steelSteel cattle guards whether ‘economical’ or HS-20 rated may be ‘engineered’ but they’re rarely certified by a Professional Engineer. Pipe on cattle guards should be at least 4″ in diameter at a minimum, but you’ll often find 3″ and even 2 1/2″ sizing which will not support much more than a light pick-up.   Be careful of lower grade, repurposed, unpainted or unprotected steel as it will corrode much faster than painted steel.

Right now most steel cattle guards for sale are offered either with or without a box frame.  Simple cattle grids without a box frame are often called ‘flat cattle guards’ and will typically have 4 channel beams underneath as support for the pipe overhead.  Flat cattle guards will need to sit on a concrete footing; whereas boxed cattle guards will not.

In fact most steel cattle guards need to rest on a concrete footing or foundation since the supporting channel beams underneath are obviously too narrow to set on bare ground.  Notice that some ‘flat’ cattle guards will only sit  6 to 7 inches off the ground (some actually resting on the ground!) making it much less of a cow deterrent.

We’ve seen, and have tried a few home-made cattle guard gimmicks, everything from wood slats to painted stripes, cinder blocks to 4″ highway guard railing, not to mention a few other embarrassing optical illusions.  They work temporarily until a calf gets spooked or the herd discovers greener pastures just over the other side.

In the end all the cow deterring gimmicks, tricks, and short cuts simply fail. Our engineering has revealed a few simple truths. To be effective a cattle guard must be 10 to 12 inches in height, and not less than 6 feet from front to back. Beams separated by 5 inch gaps have proven to be the most effective and safest cow deterring cattle guard design.

Steel cattle guards may be ‘traditional’ but they’re extremely heavy and expensive, especially when you factor in the shipping, and the concrete footing costs. The weight makes it difficult to off-load from the delivery truck, and most steel companies hold the customer responsible for off-loading with a fork lift or tractor.

Finally, whether painted or exposed, given enough exposure to bad weather, steel cattle guards will rust and corrode at varying speeds. In fact cattle guard corrosion is such an epidemic that it’s almost acceptable! Some companies sell rust damaged cattle guards, and of course the ongoing process of rust (oxidation) weakens metal.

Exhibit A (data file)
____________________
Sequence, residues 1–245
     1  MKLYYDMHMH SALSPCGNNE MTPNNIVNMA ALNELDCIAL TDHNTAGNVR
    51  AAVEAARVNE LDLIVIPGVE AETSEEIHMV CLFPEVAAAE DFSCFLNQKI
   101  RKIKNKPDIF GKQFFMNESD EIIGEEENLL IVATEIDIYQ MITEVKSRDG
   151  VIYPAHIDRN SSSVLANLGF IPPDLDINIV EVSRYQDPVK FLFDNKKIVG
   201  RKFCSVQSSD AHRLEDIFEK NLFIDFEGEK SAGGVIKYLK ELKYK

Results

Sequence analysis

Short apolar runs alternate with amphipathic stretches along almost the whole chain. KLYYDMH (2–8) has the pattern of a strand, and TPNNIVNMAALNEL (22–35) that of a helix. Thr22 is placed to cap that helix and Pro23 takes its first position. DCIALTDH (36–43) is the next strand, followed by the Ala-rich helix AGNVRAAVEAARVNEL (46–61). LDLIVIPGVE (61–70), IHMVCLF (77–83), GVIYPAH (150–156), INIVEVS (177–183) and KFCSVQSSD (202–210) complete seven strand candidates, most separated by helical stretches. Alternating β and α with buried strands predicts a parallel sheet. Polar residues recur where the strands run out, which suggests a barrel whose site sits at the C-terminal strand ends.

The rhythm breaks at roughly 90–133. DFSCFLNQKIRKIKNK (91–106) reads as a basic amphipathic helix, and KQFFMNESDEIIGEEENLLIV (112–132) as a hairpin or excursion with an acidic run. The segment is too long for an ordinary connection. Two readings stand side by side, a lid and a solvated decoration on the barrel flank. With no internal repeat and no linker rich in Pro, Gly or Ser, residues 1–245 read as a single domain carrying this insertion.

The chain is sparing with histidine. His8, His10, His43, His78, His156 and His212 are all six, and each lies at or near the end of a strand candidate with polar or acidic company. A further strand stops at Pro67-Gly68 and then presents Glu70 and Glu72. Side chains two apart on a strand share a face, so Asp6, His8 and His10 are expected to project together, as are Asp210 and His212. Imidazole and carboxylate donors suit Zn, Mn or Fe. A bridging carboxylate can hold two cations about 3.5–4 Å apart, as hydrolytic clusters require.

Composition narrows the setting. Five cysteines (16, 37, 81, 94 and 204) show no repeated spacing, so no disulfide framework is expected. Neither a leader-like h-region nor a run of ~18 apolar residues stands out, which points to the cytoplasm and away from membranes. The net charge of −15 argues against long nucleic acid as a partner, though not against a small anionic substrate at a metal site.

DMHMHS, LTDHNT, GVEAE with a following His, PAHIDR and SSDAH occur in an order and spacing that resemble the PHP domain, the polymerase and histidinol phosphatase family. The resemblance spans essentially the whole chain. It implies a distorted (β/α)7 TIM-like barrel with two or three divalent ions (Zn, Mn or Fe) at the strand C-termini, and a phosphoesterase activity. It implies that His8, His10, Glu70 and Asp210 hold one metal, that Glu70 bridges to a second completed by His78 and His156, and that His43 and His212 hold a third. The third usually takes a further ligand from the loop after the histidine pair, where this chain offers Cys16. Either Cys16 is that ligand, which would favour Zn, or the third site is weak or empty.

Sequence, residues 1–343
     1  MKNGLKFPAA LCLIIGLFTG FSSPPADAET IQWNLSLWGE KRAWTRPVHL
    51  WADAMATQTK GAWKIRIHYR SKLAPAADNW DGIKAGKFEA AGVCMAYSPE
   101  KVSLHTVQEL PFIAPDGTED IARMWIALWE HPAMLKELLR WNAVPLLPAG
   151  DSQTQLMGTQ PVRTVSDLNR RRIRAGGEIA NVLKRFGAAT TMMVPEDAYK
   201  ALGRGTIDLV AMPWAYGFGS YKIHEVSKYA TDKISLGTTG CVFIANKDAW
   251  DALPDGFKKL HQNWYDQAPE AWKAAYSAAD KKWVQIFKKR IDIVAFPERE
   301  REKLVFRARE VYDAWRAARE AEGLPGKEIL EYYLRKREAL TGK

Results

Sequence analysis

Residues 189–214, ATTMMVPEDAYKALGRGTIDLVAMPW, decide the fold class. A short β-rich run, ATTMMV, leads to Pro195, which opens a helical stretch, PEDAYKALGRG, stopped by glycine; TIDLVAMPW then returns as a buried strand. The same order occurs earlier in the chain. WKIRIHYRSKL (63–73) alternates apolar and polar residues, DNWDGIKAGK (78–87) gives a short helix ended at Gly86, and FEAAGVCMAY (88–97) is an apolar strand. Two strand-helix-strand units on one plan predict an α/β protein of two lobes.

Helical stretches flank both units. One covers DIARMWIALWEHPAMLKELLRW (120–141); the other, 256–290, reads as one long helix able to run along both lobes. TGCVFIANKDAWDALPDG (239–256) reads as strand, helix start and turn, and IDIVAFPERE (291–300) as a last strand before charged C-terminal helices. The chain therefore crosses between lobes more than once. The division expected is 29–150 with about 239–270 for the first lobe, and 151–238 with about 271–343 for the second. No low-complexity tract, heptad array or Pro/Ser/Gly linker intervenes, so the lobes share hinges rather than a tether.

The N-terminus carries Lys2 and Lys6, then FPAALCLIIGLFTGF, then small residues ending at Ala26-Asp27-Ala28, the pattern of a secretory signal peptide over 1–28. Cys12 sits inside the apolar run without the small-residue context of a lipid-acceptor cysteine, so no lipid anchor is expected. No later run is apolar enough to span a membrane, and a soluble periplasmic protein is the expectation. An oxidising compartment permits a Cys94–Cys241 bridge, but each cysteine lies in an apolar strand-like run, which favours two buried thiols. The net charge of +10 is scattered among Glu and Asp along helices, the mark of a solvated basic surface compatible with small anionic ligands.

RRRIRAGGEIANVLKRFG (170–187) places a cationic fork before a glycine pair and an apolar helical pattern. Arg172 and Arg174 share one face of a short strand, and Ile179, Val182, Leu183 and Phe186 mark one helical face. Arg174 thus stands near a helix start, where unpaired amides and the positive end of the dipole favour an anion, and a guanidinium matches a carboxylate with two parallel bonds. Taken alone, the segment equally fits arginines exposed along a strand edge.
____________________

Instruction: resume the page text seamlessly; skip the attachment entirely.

A Concrete Cattle Guard Costs Less Yet
It’s Stronger and Will Survive Longer

Stronger and longer lasting than steel.

Stronger and longer lasting than steel. The form only weighs 140 lbs. before filling with concrete.

Concrete cattle guards are a better, long term option. Concrete is superior to steel in terms of strength, cost, and longevity.  So, why is the traditional cattle guard constructed from steel? Well, pre-cast concrete cattle guards are almost twice the weight of steel. Farm supply stores, and individual customers simply can’t afford the shipping costs, let alone offload that kind of weight.

However, Cattle Guard Forms are lightweight, weighing only 140 lbs. for an 8 ft. by 6 ft. form, even with the pre-installed GFRP rebar! Set it in place, fill with fresh concrete, and never have to move it or pick it up again. You’re done!

Why HS-20 Cattle Guards?

Do you know how much weight “economical” steel cattle guards can support? Neither do the retailers selling them! We are proud to say that our Cattle Guard Forms have been tested and certified to deliver an HS-20 (32,000 pounds/axle) load rating.

Most ‘economical’ steel cattle guards will fail even under marginal loads let alone the stress of a loaded semi, hay wagon or dump truck. With that in mind an HS-20 rated cattle guard will handle about anything you can fit between your gate opening. That’s one less thing a farmer should worry about.

By The Way:  An HS-20 load rating means you can have a 5 axle semi truck, with a max gross weight 80,000 lbs. (DOT limit), drive across it without a problem. The rating claims we provide are backed by a certified structural engineer’s sealed drawing attesting that Cattle Guard Forms properly placed and poured meet, or exceed, the rigorous standards for HS-20, which are used when specifying highways, bridges, and US Military construction.